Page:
“There are enough connections in the brain to go to the moon and back,” says Professor James Goodwin, director of science and research impact at the Brain Health Network, who has also written a book, Supercharge Your Brain. “It’s a mysterious organ – until two or three years ago, we didn’t even know that the brain rejuvenates itself throughout life. But it does, and how you lead your life has a big impact on it.”
Inflammation is the “assassin of good brain health”, Goodwin adds, so anything we can do to minimise that is a good thing. Here, Goodwin shares some key ways to improve your brain health now.
Do some exercise every day
Being physically active is crucial for good brain health, and you should seek to do some form of exercise every day. “You need 150 minutes a week, minimum,” says Goodwin. “But that’s not enough – you also need to stay active in your lifestyle as well. I call it declaring war on the chair.”
Sedentary lifestyles are on the rise, with 27.5 per cent of adults and a huge 81 per cent of adolescents globally failing to meet this level of activity. Just anecdotally, we can all relate to spending too much time sat in front of a screen, right? Goodwin’s advice is to avoid sitting down for more than 45 minutes at a time, and he emphasises that those of us with couch potato tendencies can’t out-exercise a generally sedentary lifestyle. “You can’t just do one hour of exercise a day to boost brain health. Instead, you can actually reverse brain ageing by combining it with an increase in movement throughout the day. Yes! You can actually make your brain younger!”
One study he references, carried out by the University of Pittsburgh, monitored two groups of people over the course of a year. One group performed 150 minutes of moderate aerobic exercise a week, and the other group were limited to stretching and toning exercises. In those that exercised aerobically, the hippocampus, responsible for learning and memory, increased in volume by two per cent over the year. “This group didn’t just stop ageing, they also reversed it!” So however you do the minutes, just make sure you do them.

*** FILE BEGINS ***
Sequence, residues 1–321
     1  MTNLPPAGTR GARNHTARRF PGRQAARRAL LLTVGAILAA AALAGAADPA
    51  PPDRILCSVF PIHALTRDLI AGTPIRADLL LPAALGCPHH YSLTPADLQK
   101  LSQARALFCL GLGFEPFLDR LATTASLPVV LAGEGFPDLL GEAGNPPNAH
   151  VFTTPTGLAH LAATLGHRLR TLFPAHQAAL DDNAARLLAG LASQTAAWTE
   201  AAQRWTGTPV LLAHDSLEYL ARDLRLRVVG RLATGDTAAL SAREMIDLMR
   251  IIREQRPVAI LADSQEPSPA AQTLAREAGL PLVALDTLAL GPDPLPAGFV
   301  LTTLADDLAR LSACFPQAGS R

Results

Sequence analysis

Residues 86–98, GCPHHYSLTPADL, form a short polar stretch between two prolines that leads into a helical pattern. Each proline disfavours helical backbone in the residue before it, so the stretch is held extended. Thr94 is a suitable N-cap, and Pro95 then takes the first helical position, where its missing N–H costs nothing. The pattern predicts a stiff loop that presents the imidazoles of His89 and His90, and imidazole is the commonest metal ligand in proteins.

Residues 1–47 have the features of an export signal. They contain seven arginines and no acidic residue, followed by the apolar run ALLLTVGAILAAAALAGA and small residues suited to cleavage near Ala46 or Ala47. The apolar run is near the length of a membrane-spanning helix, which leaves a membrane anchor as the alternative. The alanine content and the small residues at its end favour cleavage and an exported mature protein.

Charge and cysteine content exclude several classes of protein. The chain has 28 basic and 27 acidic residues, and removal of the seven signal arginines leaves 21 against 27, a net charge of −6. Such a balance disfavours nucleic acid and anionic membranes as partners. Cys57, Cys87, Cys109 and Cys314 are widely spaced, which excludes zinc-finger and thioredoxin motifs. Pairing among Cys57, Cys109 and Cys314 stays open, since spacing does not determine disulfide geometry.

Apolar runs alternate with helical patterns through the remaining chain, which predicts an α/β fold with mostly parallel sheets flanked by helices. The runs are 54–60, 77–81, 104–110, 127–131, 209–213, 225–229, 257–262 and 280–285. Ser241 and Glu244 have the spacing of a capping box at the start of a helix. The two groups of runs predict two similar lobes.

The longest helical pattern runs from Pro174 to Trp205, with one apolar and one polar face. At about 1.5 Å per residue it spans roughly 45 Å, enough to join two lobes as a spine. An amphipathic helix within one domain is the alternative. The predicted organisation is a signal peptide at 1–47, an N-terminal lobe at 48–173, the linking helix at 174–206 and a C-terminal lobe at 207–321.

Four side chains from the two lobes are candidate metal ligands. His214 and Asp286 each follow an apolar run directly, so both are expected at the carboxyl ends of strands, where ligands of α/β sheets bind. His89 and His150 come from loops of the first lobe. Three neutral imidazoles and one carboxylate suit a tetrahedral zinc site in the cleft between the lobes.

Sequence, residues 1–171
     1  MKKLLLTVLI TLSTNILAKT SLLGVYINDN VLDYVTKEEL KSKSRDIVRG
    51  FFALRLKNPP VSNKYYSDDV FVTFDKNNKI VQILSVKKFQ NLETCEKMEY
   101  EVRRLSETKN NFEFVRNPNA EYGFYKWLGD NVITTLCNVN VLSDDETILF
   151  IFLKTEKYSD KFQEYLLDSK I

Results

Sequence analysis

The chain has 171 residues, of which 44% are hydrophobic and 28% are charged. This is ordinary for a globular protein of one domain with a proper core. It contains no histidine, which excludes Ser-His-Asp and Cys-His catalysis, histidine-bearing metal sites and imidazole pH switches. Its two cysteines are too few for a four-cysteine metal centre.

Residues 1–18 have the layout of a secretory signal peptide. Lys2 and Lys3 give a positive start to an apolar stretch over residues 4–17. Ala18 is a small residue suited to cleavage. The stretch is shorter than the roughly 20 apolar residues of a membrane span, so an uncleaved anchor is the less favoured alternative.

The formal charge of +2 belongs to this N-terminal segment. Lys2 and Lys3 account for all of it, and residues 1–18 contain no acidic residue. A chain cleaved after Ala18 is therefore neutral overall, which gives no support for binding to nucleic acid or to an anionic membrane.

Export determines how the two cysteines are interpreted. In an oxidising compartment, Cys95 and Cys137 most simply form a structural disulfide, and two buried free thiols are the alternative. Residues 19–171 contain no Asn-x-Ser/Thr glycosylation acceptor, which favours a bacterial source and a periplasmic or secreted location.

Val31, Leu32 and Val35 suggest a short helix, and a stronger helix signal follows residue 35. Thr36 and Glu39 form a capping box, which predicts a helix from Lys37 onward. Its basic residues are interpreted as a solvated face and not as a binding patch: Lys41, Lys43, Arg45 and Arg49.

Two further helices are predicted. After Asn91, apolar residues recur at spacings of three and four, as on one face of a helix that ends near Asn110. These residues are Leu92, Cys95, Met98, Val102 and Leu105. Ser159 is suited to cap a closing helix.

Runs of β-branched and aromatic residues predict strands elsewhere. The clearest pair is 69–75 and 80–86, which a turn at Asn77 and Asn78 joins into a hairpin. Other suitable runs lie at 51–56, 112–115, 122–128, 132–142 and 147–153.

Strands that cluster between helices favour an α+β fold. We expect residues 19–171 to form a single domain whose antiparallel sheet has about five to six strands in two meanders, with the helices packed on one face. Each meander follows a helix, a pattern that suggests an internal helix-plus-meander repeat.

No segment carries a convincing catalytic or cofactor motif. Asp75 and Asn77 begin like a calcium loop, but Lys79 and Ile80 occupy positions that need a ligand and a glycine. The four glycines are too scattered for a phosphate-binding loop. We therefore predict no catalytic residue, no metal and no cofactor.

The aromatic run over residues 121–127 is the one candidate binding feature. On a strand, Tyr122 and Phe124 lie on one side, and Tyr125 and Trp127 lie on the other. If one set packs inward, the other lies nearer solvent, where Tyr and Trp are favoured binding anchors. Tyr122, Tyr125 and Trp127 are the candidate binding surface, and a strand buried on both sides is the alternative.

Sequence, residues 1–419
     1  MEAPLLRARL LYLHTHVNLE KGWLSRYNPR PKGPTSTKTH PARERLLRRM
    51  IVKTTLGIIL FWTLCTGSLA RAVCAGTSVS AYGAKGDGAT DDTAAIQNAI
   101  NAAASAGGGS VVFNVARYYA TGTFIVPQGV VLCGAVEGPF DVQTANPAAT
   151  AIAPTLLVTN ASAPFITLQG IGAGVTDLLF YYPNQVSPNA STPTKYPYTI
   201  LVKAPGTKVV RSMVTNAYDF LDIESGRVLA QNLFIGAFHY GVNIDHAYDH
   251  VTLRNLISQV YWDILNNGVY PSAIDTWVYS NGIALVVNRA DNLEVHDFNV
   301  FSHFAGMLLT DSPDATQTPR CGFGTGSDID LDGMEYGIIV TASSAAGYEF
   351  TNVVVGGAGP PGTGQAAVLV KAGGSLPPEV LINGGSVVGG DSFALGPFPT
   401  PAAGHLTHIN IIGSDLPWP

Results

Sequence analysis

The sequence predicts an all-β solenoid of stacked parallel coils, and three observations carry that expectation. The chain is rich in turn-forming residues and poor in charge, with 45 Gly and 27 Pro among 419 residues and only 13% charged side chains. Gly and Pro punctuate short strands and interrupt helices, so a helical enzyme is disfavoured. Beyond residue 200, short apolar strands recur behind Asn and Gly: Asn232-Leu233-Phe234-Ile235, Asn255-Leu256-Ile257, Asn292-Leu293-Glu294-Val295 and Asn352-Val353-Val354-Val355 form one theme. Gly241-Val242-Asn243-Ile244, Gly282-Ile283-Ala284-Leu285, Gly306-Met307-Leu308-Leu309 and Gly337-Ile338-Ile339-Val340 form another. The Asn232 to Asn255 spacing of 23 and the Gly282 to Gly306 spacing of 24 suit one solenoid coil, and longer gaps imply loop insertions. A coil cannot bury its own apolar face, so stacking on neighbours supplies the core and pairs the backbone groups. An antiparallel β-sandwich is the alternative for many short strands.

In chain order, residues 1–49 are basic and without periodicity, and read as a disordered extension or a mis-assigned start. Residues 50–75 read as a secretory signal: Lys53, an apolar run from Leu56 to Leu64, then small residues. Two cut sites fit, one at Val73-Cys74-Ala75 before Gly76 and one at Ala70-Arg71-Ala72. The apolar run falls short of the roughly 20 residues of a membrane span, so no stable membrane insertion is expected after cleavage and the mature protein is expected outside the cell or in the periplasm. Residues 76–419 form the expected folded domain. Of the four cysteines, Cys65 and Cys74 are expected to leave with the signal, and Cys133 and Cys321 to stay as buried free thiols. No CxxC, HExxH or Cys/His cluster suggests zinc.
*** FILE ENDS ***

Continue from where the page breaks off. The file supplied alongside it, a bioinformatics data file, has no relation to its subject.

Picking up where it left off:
Be a social butterfly
Turns out, saying yes to that invite is actually beneficial to your health. “Your social life is extremely important – if you’re lonely or socially isolated, it’s the equivalent of having 50 cigarettes a day – it’s bad for your health,” says Goodwin. The reason for this is because we’ve evolved as social creatures – the need for food, water and human connection is deeply embedded in our brains. Feeling lonely can cause inflammation in the brain, Goodwin says, which speeds up ageing and increases the risk of dementia and other degenerative brain diseases. In fact, a study of 12,000 people carried out by Harvard University found that one in five who said they were habitually lonely experienced brain health decline by 20 per cent more than those who weren’t.
According to Goodwin, sex can be beneficial for your brain health in terms of memory, visual-spatial awareness – even your ability to do maths. “Recent research found that regular sexual activity with someone you’re in a close relationship with improves cognitive health and verbal fluency,” he says.
Be as vain as you like